Asked at the press conference if his directing prize was “revenge” for the negative response to his film, Reygadas was diplomatic when he said “I am very thankful to journalists who detested it (you’re welcome) and those who liked it.”

The only American movie to come out of any Cannes competition with anything at all is Behn Zeitlin‘s debut film, Beasts Of The Southern Wild, an Un Certain Regard entry that was named winner of the festival’s Camera d’Or prize for best first feature. Fox Searchlight releases it next month. An excited Zeitlin said everyone who worked on the film had never done a movie before so this was a big deal. Films entered in all of the various competitions in Cannes are eligible for the Camera d’Or, not just main competition movies.

Overall I thought the jury did a good job, the Reygadas film aside, coming up with a fairly conservative but deserving group of winners. However the award to two novice actresses director Christian Mungiu found on the Internet for his leads in the religious cult film, Beyond The Hills was another mystery as Marion Cotillard and Nicole Kidman might have figured for risky, higher-profile turns in their movies Rust And Bone and The Paperboy. This award actually would have probably gone to French star Emmanuelle Riva for Amour, Michael Haneke‘s ultimate Palme d’Or winner. Rules state that any film which wins one of the top three honors, Palme d’Or, Grand Prix and the Jury Prize are eligible only for one award. That explains how Beyond The Hills was able to be the only film to win two including one for Mungiu’s script. And it is also why the superb performance of Denmark’s Mads Mikkelsen which jury member Ewan McGregor called “subtle and beautifully played” was able to grab best actor for The Hunt, since Amour’s sentimental favorite Jean-Louis Trintignant was not eligible because of his film’s triumph for the Palme d’Or. Both Trintignant and Riva made well-received speeches on stage after Austrian Haneke collected his second Palme in 3 years. He has also been a past winner in several other categories. Cannes loves him no matter who is on the jury. The touching film about a couple’s struggles at the end of life is probably the one that will bring this world class director his first Oscar for Best Foreign-Language Film. It’s going to play through the roof at the Academy. There won’t be a dry eye in the house and both its stars could find themselves nominated, too. I have never witnessed such a prolonged or more emotional ovation at one of these shows. It’s ironic that what is basically a French film is labeled an Austrian entry because of the nationality of its director. France can take pride anyway.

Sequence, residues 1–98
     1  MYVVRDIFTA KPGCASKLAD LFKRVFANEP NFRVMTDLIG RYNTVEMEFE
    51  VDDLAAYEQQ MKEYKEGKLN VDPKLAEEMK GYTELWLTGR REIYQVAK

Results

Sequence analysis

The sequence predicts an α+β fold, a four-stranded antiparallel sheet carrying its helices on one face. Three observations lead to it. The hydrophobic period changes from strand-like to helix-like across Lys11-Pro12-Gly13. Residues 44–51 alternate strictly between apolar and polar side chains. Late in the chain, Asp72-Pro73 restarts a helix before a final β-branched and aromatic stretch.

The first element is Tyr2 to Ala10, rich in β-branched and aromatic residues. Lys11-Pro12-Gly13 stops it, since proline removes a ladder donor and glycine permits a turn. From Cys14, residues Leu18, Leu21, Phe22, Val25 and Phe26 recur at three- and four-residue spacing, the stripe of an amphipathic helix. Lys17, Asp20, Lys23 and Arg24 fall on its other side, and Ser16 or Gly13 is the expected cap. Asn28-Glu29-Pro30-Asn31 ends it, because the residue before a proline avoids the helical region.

With an Italian jury president is it any real surprise that Italy’s only entry Matteo Garrone‘s Realityabout a man who becomes obsessed with getting on the Big Brother TV show, placed Realitysecond winning the important Grand Prix? Yes. Although I found it quite entertaining most of the press seemed to be stunned since it wasn’t on anyone’s radar for a prize. Afterwards they even asked Garrone, a previous Grand Prix winner for Gomorrah if he was just as stunned? He basically said he hasn’t been reading the reviews but he was surprised because he felt the competition was stiff. Oscilloscope picked it up for domestic release yesterday. The winners circle in fact was full of past winners including Haneke, Garrone, past Palme d’Or winner and Cannes regular Ken Loach, and past Palme d’Or winner Mungiu. Cannes is like a club. Once you’re in, you’re in.